Durban on track for climate indaba

Published Aug 4, 2011


Tony Carnie

WITH less than four months until South Africa hosts one of the world’s biggest climate change indabas, government officials are confident that Durban is on track to welcome a visiting army of up to 25 000 people from nearly 200 nations.

That is how many foreign government ministers, officials, advisers, businessmen, lobbyists, journalists and assorted hangers-on are expected in the city from November 28 to December 9 for the 17th Conference of the Parties (COP17) of the UN Framework Convention on Climate Change.

Speaking at a media briefing at Durban’s Inkosi Albert Luthuli International Convention Centre venue yesterday, conference co-ordinator Salwa Dalalah said: “My sense is that we are on target and still have a few months to get there.”

Dalalah is leading a UN inspection team assessing Durban’s state of readiness to host the annual global climate change negotiations involving 194 nations.

She said the secretariat would provide working space inside the conference centre for about 15 000 accredited delegates and observers, although it was possible that 20 000 to 25 000 people could come to Durban for the conference and related events. The secretariat expects that 2 500 of these will be journalists.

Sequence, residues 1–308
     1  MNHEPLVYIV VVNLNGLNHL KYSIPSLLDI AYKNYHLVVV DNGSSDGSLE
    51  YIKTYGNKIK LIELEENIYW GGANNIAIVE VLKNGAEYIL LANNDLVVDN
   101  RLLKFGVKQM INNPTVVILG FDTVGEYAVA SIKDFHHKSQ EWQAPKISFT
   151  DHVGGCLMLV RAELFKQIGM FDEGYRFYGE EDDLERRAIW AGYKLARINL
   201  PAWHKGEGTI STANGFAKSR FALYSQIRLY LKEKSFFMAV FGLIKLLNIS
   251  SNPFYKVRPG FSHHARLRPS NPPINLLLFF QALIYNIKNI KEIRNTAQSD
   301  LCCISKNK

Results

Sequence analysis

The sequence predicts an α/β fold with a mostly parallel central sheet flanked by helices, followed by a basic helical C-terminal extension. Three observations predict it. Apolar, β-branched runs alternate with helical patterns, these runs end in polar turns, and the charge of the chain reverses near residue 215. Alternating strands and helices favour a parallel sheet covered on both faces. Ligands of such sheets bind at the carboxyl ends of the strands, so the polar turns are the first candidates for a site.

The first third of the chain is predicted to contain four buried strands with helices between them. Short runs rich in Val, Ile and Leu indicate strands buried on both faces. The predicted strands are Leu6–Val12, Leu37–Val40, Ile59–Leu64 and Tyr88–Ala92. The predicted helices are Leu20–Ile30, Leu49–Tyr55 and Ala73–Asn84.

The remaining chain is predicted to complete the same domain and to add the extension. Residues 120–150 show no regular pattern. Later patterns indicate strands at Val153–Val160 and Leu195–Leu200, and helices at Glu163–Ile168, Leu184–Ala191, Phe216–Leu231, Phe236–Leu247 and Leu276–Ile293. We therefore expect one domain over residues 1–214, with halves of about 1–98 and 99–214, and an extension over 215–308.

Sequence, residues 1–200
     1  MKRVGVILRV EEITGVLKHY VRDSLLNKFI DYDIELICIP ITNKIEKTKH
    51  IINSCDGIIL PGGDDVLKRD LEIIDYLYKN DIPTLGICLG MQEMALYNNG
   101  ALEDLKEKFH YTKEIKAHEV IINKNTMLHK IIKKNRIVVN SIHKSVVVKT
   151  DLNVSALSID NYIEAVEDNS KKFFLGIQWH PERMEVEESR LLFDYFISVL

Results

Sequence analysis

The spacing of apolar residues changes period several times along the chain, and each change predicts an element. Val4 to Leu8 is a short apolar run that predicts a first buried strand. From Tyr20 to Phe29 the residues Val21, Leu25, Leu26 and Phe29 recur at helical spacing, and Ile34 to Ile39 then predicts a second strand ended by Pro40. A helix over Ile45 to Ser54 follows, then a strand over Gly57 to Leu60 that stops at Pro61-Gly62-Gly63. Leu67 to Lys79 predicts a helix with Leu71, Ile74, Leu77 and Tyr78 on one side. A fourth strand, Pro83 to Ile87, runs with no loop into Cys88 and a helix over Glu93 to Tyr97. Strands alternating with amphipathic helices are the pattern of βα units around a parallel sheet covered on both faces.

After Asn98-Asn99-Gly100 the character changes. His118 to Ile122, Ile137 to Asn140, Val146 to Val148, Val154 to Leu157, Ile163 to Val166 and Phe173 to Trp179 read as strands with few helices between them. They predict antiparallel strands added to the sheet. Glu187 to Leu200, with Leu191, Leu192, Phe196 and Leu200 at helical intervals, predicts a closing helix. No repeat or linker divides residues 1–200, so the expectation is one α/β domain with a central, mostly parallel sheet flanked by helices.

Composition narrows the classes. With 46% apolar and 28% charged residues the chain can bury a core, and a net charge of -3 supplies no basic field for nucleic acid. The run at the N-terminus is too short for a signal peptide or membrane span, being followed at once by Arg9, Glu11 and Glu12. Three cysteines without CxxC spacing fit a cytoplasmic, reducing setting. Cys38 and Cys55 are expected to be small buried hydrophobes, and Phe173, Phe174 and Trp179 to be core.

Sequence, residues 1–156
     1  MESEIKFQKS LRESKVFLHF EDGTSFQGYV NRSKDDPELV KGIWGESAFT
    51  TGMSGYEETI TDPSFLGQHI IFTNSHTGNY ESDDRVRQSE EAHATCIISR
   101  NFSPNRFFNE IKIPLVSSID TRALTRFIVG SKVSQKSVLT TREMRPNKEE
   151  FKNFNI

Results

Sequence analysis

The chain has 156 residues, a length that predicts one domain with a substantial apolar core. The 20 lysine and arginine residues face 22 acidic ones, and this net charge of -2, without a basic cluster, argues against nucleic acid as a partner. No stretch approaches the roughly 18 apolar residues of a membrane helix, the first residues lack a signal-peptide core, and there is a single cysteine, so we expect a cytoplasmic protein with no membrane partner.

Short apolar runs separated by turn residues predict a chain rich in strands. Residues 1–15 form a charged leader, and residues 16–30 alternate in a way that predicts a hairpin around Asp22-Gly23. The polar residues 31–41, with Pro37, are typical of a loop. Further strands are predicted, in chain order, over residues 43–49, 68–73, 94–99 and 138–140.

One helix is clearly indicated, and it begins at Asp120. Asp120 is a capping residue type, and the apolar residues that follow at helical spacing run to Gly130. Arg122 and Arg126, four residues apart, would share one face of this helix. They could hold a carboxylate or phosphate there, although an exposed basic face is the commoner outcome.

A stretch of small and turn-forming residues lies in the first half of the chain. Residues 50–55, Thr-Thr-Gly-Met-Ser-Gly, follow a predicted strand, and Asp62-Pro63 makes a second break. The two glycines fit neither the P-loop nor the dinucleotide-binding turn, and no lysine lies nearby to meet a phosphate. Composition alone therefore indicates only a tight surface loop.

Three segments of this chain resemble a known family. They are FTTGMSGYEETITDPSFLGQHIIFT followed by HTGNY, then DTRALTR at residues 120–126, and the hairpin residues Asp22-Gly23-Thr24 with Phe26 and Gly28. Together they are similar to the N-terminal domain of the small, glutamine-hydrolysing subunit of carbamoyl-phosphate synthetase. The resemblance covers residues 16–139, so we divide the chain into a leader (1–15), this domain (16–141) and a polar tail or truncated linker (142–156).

Julie-May Ellingson, acting chief executive of the conference centre and head of the city’s special projects unit, acknowledged that holding an event of this magnitude would entail complex logistical arrangements.

“We have hosted similar large events such as the World Aids Conference and Commonwealth heads of government meeting, and we are working very closely with the UNFCCC to meet their requirements.”

Ellingson said one of the main priorities was to reduce congestion in the city centre through stringent restrictions on private vehicles and by providing a shuttle bus service.

A limited number of delegates could be accommodated in the CBD, and some visitors could expect to commute for up to an hour from outside the city.

She noted that several delegates attending the COP15 meeting in Denmark in 2009 had had to find accommodation in neighbouring Sweden.

Asked what arrangements had been made to avoid a repeat of the embarrassing King Shaka airport congestion during the World Cup, Ellingson said not all of the COP17 delegates would arrive simultaneously in Durban.

International Relations and Co-operation Department spokesman Clayson Monyela said: “From a logistical point of view (transport, security, health etc), I can assure you that everything is in place.”

Monyela’s comments followed reports that the environment department appeared to have been sidelined after President Jacob Zuma ordered that the International Relations Department take over leadership of the conference.

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